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Jake7291

Possible meteorite with metal flakes

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I was walking one of my fields today with a cheap metal detector I picked up.  I found these two stones, placed about 50 yards from one another.  I chipped a piece off one, and there was a pretty good sized silver flake in it.  Could this be a meteorite?  I haven't touched the flat one yet, it does have a crack through a portion of it, last two pics

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Nope.

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Jake,

No characteristics of a meteorite.

There are billions of magnetic rocks in the US, none of which are meteorites. Anyone can find magnetic earth stones nearly everywhere. Just take a strong magnet and drop into sand and you will see what I mean. Check our O Richard Norton’s, “Rocks from Space” or visit the ASU Meteorite Center.

billepeters

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57 minutes ago, billpeters said:

Jake,

No characteristics of a meteorite.

There are billions of magnetic rocks in the US, none of which are meteorites. Anyone can find magnetic earth stones nearly everywhere. Just take a strong magnet and drop into sand and you will see what I mean. Check our O Richard Norton’s, “Rocks from Space” or visit the ASU Meteorite Center.

billepeters

So the metallic silver is nothing?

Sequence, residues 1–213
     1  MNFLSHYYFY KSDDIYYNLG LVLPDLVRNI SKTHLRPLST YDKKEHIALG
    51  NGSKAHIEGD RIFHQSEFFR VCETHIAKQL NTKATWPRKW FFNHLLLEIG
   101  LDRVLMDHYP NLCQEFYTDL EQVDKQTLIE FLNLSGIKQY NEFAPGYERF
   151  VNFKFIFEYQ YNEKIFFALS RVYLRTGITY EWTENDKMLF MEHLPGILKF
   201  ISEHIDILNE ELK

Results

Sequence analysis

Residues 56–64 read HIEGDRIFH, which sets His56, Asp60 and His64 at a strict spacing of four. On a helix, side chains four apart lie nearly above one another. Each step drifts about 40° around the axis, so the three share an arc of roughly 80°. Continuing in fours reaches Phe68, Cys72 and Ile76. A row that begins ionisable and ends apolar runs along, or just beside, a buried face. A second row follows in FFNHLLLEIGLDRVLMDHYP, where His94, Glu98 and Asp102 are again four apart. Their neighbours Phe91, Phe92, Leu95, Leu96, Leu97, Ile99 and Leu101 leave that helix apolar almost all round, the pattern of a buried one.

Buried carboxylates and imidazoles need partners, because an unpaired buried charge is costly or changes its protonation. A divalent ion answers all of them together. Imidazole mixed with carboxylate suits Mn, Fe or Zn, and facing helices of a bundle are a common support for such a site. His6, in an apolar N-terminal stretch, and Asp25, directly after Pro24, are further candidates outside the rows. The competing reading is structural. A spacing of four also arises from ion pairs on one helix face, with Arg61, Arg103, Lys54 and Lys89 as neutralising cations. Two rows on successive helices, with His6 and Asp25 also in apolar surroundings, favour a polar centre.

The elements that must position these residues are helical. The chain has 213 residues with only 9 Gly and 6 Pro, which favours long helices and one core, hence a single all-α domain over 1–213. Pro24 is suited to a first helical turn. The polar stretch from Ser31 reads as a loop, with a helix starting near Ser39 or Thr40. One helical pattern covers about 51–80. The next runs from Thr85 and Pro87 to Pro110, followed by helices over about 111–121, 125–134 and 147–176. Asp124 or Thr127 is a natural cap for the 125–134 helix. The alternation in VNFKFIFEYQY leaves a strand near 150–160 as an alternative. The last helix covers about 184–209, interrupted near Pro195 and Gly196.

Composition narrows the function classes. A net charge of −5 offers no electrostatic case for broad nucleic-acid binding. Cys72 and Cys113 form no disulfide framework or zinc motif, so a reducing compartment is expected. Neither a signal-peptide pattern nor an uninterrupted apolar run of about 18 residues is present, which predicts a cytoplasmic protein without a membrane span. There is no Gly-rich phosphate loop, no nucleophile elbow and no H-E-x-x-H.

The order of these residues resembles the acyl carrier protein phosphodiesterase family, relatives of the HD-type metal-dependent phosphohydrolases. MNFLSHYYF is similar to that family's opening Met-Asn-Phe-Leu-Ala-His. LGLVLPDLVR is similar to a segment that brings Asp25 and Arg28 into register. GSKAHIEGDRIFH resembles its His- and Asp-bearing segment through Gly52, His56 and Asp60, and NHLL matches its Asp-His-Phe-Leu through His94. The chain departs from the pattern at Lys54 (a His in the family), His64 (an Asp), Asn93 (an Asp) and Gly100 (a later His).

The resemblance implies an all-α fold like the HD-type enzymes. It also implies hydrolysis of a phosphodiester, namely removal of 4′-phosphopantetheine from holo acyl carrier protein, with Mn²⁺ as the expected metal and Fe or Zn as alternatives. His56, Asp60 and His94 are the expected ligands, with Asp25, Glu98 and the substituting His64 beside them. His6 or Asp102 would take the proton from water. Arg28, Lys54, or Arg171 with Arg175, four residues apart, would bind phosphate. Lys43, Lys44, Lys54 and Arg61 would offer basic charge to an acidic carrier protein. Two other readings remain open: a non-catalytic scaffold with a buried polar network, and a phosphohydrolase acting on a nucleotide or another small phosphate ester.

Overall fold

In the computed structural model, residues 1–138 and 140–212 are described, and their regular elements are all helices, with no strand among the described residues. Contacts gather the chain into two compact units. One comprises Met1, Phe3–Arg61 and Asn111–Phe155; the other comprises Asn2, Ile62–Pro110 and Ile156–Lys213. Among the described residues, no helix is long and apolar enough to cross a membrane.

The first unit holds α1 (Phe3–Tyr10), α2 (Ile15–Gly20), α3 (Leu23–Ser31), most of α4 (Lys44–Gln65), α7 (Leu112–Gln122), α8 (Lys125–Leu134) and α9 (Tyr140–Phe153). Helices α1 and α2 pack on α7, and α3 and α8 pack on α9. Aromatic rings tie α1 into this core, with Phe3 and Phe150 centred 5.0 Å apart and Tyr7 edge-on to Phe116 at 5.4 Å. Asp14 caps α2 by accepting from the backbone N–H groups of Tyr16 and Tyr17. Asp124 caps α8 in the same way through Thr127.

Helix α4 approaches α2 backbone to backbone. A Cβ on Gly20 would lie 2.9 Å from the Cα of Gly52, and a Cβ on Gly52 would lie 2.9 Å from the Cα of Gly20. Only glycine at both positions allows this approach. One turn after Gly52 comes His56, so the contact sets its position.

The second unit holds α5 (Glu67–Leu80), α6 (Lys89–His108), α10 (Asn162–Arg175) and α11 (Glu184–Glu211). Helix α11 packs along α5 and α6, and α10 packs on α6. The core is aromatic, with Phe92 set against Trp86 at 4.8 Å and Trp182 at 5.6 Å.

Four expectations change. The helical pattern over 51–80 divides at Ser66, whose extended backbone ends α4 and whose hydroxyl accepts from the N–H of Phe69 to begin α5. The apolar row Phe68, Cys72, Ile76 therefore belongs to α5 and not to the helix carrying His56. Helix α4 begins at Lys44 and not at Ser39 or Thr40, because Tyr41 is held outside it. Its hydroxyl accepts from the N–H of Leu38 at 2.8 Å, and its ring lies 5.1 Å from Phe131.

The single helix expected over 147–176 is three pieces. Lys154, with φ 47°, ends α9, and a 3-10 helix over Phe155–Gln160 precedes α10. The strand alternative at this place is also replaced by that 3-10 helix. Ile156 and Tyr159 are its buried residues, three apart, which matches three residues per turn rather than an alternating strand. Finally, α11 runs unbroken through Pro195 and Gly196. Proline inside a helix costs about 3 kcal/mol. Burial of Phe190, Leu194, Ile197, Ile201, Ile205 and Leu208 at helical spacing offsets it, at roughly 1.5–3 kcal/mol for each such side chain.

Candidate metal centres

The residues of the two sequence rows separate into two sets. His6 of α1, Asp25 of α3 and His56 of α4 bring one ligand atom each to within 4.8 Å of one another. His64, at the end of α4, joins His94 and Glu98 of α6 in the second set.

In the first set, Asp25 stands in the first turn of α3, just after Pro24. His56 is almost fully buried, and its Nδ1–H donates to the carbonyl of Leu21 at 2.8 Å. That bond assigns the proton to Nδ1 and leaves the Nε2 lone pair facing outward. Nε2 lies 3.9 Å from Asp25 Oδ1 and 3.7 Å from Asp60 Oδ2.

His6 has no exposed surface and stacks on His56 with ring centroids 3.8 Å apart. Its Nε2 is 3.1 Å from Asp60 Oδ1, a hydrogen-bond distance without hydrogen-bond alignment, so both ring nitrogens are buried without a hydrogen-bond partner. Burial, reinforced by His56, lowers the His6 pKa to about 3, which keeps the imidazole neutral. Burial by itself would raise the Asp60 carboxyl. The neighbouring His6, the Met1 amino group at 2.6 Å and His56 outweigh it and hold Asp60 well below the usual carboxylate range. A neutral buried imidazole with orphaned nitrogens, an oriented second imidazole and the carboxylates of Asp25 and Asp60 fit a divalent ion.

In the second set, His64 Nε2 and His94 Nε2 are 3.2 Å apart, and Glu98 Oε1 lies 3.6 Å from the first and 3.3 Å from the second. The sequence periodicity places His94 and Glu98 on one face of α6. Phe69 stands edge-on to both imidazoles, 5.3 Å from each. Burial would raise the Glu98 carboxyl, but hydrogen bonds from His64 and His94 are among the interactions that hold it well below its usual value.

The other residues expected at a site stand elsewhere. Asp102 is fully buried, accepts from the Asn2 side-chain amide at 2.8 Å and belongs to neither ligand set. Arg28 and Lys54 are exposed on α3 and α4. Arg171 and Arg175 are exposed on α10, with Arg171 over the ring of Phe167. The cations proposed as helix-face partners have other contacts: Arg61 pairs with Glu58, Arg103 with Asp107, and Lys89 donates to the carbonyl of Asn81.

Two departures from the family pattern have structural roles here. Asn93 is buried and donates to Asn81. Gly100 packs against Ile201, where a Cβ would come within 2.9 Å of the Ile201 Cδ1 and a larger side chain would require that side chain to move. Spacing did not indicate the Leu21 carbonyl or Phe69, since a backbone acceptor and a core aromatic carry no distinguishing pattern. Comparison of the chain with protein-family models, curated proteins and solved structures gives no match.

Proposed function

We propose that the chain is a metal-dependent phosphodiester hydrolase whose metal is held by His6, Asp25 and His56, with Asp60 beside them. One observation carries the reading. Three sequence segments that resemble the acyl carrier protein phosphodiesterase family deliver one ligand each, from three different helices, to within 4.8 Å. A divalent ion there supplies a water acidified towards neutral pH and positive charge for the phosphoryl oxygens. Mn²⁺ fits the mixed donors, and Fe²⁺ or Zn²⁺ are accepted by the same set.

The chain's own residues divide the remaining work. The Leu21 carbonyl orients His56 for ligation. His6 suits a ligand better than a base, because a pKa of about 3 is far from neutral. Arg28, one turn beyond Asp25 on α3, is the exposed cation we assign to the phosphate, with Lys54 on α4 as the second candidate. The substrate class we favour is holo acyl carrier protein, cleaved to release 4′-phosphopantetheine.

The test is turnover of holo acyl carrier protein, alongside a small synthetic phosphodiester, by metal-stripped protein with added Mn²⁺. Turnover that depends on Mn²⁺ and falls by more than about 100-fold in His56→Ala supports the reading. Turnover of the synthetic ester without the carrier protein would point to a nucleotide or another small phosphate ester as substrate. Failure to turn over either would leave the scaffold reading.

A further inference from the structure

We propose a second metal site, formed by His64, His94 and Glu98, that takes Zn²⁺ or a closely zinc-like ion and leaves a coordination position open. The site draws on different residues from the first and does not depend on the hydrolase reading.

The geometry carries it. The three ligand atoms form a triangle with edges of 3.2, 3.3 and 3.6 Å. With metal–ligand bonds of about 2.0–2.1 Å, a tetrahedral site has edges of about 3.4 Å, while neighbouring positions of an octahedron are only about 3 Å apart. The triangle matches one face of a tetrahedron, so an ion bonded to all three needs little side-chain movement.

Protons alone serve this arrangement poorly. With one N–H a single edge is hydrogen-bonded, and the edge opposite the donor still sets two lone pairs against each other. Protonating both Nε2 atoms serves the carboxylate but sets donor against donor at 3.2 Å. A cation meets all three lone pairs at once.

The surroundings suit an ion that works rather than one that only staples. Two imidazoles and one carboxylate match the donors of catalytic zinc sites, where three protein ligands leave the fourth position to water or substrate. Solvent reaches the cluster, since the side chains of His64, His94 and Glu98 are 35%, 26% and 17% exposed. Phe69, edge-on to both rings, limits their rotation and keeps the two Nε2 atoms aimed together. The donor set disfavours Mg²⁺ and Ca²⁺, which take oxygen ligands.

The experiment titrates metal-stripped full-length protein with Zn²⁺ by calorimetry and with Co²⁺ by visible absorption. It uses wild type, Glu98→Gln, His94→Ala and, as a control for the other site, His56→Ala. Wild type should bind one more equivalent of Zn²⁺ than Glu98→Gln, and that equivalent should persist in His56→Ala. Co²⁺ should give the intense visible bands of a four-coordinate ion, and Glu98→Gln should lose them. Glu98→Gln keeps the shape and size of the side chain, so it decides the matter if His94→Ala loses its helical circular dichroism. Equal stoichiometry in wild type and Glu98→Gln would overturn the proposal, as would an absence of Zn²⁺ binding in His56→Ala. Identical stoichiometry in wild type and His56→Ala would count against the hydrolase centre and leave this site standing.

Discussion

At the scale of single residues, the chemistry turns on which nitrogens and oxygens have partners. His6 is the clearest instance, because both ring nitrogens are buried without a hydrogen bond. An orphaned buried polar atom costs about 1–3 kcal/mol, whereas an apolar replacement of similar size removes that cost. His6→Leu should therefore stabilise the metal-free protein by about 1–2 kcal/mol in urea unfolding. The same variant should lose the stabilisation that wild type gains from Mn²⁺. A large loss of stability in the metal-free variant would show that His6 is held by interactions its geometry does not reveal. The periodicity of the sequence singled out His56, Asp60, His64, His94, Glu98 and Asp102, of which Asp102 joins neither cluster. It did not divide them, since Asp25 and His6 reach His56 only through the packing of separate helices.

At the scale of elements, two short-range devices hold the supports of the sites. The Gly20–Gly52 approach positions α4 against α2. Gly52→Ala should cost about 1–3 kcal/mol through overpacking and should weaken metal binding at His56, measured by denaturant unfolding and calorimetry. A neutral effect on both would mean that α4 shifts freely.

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I can't see metallic flakes in the pics.  To me, I see small white quartz.  Perhaps a close up would help.  Does the silver flake crumble or flake when pressed with a pin? If so, that points towards Mica, and not metal.

Not a meteorite guy, and I've only been to one ASU meteor showing, but what struck me about their confirmed finds was how thin the fusion crust was.  The Glendale meteor had a paper thin fusion crust.  The photo you have makes your crust look much too thick.  

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41 minutes ago, chrisski said:

I can't see metallic flakes in the pics.  To me, I see small white quartz.  Perhaps a close up would help.  Does the silver flake crumble or flake when pressed with a pin? If so, that points towards Mica, and not metal.

Not a meteorite guy, and I've only been to one ASU meteor showing, but what struck me about their confirmed finds was how thin the fusion crust was.  The Glendale meteor had a paper thin fusion crust.  The photo you have makes your crust look much too thick.  

It does not flake or chip off when I use a thumb tack, sorry for the bad close up of the metal flake, my led on the Jewelers loupe makes a bright glare on pictures.

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There's so many things the metal flakes could be besides metal.  The easiest to eliminate is mica. I don't see metal in the pic.  Native metals are very rare in rocks, mostly because they react over the years and turn into compounds.  Billpeters is a good authority, and he says no characteristics.

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